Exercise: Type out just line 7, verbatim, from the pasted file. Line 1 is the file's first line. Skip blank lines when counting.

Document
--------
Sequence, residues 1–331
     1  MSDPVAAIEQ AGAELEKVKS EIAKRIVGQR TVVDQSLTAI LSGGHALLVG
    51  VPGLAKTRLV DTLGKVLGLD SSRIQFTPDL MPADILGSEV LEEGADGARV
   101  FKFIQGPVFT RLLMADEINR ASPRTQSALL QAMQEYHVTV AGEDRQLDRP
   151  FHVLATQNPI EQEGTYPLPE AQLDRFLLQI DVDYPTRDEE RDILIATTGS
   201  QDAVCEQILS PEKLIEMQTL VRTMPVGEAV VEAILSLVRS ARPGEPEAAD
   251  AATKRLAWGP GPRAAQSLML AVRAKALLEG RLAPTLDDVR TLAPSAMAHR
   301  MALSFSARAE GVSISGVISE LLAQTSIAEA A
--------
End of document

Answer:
   251  AATKRLAWGP GPRAAQSLML AVRAKALLEG RLAPTLDDVR TLAPSAMAHR